Slow road to recovery in quake-ravaged Haiti
By Kevin Gray and Joseph Guyler Delva
PORT-AU-PRINCE (Reuters) - If there is hope in Haiti, it can be found in Mertilus Aland.
The 18-year-old eight-grader is flourishing in a new school built after Haiti's devastating earthquake, dreaming of one day becoming a doctor in the violent Haitian slum he calls home.
"Who knows where I'd be if it wasn't for this place," he said.
Bankrolled by a roster of Hollywood celebrities, the Academy of Peace and Justice is Haiti's first free secondary school and draws hundreds of children from Port-au-Prince's biggest slums.
Its success stands out in Haiti, which is still struggling to lift itself from the rubble left by an earthquake two years ago that killed roughly 300,000 people and left more than 1.5 million homeless.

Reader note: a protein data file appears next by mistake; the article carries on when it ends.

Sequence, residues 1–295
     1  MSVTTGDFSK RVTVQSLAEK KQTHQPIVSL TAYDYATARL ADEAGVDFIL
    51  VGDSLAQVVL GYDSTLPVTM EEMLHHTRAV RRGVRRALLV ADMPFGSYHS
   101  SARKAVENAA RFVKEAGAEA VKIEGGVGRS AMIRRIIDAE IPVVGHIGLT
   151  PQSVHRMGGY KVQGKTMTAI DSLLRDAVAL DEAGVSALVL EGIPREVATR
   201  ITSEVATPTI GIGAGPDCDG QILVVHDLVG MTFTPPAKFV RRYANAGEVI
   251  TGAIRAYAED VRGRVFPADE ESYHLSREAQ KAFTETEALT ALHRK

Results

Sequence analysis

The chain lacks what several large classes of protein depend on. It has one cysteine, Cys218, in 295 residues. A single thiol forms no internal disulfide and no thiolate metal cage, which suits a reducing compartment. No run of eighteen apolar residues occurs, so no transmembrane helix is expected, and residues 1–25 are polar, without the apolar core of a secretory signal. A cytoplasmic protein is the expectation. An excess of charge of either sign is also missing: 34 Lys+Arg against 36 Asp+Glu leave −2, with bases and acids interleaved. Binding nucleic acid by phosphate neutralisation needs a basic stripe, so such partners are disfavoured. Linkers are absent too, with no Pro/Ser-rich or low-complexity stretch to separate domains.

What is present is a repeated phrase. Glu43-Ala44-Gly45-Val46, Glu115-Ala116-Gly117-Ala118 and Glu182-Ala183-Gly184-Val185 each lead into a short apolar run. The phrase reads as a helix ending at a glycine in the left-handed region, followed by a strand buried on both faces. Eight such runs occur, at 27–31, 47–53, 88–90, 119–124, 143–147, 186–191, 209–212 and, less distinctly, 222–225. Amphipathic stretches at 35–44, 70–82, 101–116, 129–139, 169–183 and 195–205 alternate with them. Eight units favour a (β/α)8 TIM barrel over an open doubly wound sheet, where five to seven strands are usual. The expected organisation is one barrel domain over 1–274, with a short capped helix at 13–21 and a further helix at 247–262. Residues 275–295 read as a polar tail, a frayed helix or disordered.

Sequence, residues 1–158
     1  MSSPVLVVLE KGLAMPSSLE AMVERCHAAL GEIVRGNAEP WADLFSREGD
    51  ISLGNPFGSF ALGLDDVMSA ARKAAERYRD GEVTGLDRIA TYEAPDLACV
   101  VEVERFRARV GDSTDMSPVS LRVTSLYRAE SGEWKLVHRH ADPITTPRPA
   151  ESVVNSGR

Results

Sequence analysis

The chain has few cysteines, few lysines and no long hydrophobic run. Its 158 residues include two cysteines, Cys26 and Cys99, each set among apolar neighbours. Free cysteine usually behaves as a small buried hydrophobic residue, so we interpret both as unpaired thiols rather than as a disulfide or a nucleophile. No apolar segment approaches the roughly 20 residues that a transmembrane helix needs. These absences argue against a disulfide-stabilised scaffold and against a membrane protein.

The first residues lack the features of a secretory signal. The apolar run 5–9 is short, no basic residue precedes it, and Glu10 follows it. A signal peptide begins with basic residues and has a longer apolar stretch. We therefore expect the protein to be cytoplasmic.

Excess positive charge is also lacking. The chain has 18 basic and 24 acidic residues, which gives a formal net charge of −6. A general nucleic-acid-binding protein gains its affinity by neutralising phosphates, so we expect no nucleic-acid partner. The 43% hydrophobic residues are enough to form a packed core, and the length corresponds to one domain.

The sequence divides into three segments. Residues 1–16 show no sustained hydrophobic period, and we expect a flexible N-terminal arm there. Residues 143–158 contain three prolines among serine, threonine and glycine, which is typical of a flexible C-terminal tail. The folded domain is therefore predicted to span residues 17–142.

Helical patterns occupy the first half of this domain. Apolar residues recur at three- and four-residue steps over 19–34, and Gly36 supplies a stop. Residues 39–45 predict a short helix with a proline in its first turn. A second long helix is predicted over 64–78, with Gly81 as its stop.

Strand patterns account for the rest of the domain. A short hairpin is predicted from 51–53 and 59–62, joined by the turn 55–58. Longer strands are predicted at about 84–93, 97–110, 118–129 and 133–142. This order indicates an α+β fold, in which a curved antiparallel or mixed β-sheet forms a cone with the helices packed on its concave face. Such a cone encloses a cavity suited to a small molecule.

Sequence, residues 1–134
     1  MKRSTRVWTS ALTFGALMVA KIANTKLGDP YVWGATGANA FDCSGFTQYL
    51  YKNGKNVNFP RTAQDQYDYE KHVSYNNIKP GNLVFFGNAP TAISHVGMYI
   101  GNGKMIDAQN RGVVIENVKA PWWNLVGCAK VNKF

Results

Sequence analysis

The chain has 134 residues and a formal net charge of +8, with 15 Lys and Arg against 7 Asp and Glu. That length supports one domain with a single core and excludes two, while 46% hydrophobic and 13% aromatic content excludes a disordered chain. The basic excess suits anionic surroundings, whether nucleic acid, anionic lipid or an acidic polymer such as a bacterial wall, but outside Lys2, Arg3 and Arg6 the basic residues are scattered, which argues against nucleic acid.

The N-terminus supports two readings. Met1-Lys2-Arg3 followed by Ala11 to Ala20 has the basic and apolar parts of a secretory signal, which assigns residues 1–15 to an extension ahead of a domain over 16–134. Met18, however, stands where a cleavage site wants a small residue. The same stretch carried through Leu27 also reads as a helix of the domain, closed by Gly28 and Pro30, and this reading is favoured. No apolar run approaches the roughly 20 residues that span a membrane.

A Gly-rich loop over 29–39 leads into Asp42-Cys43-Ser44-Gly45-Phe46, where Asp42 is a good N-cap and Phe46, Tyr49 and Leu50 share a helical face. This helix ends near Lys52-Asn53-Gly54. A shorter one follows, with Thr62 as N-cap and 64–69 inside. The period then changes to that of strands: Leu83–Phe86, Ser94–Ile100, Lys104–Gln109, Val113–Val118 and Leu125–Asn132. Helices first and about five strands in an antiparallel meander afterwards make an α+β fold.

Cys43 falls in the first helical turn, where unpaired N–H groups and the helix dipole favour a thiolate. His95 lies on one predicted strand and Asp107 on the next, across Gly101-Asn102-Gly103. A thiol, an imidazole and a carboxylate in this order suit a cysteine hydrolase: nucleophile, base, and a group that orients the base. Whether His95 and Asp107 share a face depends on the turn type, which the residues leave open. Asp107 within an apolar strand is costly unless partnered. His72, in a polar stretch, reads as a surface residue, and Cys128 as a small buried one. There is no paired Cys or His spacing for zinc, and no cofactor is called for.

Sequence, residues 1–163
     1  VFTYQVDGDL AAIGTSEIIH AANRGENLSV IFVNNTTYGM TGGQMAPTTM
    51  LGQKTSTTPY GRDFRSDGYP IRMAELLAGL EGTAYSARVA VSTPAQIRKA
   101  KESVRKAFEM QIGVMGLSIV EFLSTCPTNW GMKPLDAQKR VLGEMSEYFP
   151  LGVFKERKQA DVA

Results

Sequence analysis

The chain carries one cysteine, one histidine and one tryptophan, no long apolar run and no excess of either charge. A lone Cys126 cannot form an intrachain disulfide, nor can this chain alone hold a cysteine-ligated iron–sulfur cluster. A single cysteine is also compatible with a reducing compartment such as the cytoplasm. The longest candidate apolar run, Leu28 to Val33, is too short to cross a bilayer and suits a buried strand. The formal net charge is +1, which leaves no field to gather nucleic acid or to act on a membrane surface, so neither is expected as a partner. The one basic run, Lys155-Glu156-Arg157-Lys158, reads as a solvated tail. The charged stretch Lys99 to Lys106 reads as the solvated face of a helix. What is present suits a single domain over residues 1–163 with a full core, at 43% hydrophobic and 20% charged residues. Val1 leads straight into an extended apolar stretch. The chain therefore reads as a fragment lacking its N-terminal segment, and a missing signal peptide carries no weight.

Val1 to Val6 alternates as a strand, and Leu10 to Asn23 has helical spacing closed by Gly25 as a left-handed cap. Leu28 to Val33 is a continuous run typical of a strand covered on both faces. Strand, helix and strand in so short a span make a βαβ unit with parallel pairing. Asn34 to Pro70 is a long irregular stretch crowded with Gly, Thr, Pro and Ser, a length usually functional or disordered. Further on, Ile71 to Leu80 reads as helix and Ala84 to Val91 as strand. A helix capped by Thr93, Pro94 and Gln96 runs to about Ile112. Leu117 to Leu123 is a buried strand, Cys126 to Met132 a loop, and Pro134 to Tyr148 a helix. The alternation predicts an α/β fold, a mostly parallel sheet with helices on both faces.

Despite billions of dollars pledged by donors to help Haiti rebuild, reconstruction efforts remain painstakingly slow, with only incipient signs some progress may be taking hold.
The recovery effort, one of the world's biggest humanitarian and reconstruction operations involving more than 12,000 aid groups, has faced intense criticism that the international aid community has been too slow to shift gears from emergency aid to helping develop one of the world's poorest countries.
The dusty streets of the Haitian capital offer a glimpse of the work that remains. More than a half a million people still live in a critical situation in crowded tent camps, many without running water or electricity. Continued...